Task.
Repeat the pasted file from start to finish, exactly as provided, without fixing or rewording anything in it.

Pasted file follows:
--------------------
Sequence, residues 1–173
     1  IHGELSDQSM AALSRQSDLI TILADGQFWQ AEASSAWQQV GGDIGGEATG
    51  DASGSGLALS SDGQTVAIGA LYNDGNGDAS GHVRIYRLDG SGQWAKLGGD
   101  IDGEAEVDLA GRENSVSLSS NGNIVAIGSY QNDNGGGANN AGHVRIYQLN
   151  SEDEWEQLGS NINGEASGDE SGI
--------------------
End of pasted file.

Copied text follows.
Sequence, residues 1–173
     1  IHGELSDQSM AALSRQSDLI TILADGQFWQ AEASSAWQQV GGDIGGEATG
    51  DASGSGLALS SDGQTVAIGA LYNDGNGDAS GHVRIYRLDG SGQWAKLGGD
   101  IDGEAEVDLA GRENSVSLSS NGNIVAIGSY QNDNGGGANN AGHVRIYQLN
   151  SEDEWEQLGS NINGEASGDE SGI